Fifty years ago the images of Birmingham police officers using police dogs and fire hoses on civil rights protesters electrified the country and helped turn the tide in the civil rights movement. I can only hope that the images of police in armored tanks and cameo pants, with high powered assault machine guns in Ferguson, Missouri, will have the same effect.
As much as I’d like that to be the case, I’m less hopeful. Because the difference is this: Birmingham was a civil rights march. What happened in Ferguson is an everyday reality for the majority of African Americans and other racialized minorities in this country.
Racism is like Hydra, the serpent of myth, who grows a head each time one is cut off. Whatever political steps have been taken to advance civil rights, to ban discrimination, to outlaw hate crimes, racism just grows another head. Discrimination might be outlawed, but other, insidious forms of racisms continue to flourish, more hidden from view.
But not really. It’s not hidden from view if you’re black. What is playing out on TV and Twitter is shocking and outrageous to some, but it’s the lived reality for most people of color in this country.
And what is that reality? It’s the criminalization of color. Michael Brown was shot because he was pulled over for jaywalking. If statistics influenced expectations, most black children in this country would grow up expecting to go to prison the way middle class white children expect to go to college. The statistics on the criminalization of color is both overwhelming and conclusive. As legal scholar and activist Michelle Alexander calls it, we’re in the “New Jim Crow,” a system of racial control much more successful than slavery ever was in creating a permanent underclass based on race.
In this TED talk, Alexander says that more African American adults are under correctional control right now then were enslaved in 1850, a decade before the civil war. And as of 2004, more black men are denied the right to vote – as felons – than in 1870 – the year the 15th amendment was ratified.
This is how she puts it:
What Jim Crow tried to do using poll taxes and literacy tests, the criminal justice system, War on Drugs, racial profiling and felon disenfranchisement laws have accomplished.
But it’s not just laws that create this reality. This criminalization starts in pre-school, where it’s not about law, but about perception. Students of color are suspended more often than white students. As Charles Blow writes in last week’s New York Times, citing a report by the Southern Poverty Law Center, while the average suspension rate for middle school students in 18 of the nation’s largest school districts was 11.2 percent in 2006, the rate for black male students was 28.3 percent, by far the highest of any subgroup by race, ethnicity or gender.
What we think drives our behavior. (I’ve written a lot about it: here, here, here and here). It’s a confirmation bias that creates an incredibly vicious cycle (though for some, a virtuous one). Students from whom teachers expect little, perform poorly. Numerous studies show that, on average, teacher’s beliefs about their students’ abilities influence how they interact with the students, which in turn, influence how well or poorly the students do.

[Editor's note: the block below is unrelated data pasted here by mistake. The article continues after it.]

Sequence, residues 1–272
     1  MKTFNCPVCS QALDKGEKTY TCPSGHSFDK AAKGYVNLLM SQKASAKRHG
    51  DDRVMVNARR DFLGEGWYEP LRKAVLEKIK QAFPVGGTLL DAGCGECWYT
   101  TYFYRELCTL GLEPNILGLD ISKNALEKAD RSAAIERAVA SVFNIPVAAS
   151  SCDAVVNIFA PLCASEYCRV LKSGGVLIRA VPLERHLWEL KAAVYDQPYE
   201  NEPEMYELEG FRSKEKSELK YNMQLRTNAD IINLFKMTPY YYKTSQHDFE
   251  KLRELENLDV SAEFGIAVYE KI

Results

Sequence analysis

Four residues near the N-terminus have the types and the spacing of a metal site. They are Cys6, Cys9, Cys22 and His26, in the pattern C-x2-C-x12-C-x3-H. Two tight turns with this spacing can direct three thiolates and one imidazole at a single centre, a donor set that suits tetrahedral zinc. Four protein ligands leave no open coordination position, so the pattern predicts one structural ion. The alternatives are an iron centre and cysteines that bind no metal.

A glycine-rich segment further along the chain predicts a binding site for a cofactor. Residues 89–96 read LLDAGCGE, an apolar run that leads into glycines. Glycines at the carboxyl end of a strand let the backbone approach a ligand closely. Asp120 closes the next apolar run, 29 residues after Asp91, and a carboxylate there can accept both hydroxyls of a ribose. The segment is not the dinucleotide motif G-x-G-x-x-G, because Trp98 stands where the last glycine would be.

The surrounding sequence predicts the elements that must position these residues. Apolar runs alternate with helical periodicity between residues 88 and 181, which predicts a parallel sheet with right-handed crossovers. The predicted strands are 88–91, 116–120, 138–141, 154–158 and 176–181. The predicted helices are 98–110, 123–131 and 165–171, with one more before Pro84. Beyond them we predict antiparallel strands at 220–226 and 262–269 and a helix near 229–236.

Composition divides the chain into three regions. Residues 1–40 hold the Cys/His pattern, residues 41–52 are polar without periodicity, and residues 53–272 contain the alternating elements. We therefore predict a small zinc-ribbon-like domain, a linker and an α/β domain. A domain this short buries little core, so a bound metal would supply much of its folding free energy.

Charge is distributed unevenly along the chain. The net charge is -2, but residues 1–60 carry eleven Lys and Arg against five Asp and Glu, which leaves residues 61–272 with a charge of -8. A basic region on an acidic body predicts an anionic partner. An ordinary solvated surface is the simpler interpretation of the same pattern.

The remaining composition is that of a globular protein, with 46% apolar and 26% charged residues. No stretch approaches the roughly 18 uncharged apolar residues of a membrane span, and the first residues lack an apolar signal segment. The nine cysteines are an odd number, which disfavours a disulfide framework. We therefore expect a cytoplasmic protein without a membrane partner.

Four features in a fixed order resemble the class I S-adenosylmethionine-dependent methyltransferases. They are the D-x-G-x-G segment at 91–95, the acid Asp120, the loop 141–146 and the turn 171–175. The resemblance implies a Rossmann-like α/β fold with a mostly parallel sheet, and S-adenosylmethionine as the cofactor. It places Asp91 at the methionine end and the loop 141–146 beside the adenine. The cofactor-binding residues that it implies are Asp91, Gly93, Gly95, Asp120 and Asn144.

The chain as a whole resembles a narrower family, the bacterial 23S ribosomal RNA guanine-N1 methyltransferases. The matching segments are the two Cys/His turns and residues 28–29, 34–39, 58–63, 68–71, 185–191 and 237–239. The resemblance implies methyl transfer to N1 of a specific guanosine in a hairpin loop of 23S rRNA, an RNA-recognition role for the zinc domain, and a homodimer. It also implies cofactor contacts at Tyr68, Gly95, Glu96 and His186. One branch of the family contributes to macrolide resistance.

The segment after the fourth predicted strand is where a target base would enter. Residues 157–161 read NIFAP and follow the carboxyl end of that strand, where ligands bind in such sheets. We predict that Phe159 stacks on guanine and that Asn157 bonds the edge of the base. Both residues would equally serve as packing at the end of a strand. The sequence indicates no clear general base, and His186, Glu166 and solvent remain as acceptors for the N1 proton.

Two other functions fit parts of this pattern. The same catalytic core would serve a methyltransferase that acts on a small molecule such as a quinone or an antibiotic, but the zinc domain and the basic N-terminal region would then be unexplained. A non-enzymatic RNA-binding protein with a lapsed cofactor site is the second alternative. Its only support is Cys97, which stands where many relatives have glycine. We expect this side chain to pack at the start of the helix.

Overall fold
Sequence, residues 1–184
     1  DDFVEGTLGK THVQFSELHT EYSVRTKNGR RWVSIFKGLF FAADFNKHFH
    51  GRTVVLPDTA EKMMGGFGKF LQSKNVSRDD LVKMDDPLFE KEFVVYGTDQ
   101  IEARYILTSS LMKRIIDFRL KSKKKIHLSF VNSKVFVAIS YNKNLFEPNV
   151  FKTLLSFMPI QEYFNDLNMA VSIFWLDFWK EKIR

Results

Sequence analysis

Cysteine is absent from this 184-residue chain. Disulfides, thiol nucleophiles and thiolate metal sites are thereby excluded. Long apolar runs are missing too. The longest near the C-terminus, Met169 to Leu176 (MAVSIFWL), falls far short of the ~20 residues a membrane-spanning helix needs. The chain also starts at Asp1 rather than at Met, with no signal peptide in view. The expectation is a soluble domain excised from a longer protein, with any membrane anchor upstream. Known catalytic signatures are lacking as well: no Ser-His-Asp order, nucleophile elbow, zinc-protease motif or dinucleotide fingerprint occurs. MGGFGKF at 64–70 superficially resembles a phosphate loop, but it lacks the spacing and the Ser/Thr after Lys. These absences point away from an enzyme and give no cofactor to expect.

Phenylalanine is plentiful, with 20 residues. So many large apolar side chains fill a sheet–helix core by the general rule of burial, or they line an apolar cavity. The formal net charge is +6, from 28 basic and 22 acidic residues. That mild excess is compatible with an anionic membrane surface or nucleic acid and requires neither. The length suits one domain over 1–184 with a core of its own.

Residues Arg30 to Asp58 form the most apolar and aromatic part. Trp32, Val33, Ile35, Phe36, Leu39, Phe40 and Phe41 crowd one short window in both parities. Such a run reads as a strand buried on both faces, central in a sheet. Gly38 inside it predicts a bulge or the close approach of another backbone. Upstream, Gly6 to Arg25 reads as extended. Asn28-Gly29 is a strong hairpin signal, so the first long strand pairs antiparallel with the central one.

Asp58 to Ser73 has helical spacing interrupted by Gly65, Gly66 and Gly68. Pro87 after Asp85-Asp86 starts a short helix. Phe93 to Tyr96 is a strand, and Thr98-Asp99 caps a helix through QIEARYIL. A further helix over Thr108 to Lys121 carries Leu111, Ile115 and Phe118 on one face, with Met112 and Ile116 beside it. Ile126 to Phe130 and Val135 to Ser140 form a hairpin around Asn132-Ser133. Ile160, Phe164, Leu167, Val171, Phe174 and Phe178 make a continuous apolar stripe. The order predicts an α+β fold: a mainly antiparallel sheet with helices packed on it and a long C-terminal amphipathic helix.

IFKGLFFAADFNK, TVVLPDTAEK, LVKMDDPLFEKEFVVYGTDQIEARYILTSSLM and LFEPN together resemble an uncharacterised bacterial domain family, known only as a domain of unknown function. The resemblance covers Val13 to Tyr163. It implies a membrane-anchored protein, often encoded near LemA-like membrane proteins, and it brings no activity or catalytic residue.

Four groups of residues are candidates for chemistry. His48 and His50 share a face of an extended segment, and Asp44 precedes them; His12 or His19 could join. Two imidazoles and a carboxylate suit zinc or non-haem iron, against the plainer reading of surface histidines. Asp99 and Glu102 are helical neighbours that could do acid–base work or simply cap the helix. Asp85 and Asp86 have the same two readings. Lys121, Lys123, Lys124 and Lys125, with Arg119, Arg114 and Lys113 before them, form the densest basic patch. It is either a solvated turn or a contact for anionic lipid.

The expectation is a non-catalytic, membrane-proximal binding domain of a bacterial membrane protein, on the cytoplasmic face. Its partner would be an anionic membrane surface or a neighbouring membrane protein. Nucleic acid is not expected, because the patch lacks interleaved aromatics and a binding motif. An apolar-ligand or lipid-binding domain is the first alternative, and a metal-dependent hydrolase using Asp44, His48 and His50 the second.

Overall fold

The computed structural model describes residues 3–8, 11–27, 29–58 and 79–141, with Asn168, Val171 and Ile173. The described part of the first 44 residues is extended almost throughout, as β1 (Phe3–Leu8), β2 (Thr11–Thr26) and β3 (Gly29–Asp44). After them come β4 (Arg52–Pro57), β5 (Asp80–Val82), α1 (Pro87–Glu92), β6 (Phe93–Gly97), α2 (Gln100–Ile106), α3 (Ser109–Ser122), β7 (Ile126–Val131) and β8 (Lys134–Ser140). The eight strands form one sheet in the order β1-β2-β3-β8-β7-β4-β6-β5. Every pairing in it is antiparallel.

I write a lot about power, and one of the hardest powers to work with is this one, a Hydra –a multi-headed, disbursed, distributed, and complex system of laws, attitudes, institutions, practices, and behaviors. You cut off one head, and there’s another. How do you defeat the Hydra? Michelle Alexander says nothing short of a human rights movement, a widespread, people-powered revolution will help. And she may be right. Hercules eventually subdued the Hydra only with help from his friends. It takes us all to dismantle, challenge, and overturn racism.
But the myth of Hydra bears another clue to the problem. It is about the head. It’s about the mind. And this is something each of us, as individuals can do. We have to challenge our own beliefs and perceptions. Because inequities are kept in place only when we go along with them. And this is the problem. Bias is unconscious. My friend Shakil Choudhury at Anima Leadership teaches, consults and writes about this. And I thank him for showing me how crucial this is to addressing problems of inequity.
Humans have believed a lot of things to be true. We believed that black people had smaller brain size. We believed Jews had horns. We believed homosexuality was a mental illness. We believed that women were too irrational and emotional to be trusted with the right to vote. We believed a Catholic president would let the Pope run America.
Are we going to continue to let our beliefs, unchallenged, keep systems of inequity in place? Are we going to continue to believe that we have the highest rates of incarceration in the world because of crime, even as our crime rates are at an all-time low? Are we going to continue to believe that every black person pulled over by the police “must have done something wrong?” or that it was their fault because they looked like a “gang member?” Are we going to believe that every Muslim is a terrorist? That poor people are lazy? That women and minorities are underrepresented at the highest levels of leadership because there just aren’t enough of them qualified to be there?
There’s much we can’t do alone. But we can challenge ourselves to wake up to a power we do have: the power over how we think about things. But it’s not so easy because beliefs are comfortable. They are like a favorite pair of slippers; we slip into them with ease. And we don’t like having to change our minds or feelings about things. It’s uncomfortable. But there are a lot of other things that are uncomfortable too. Here’s one: imagine this was your reality, that every time your son or daughter left home you weren’t sure if you would see them again for the simple reason of the color of their skin.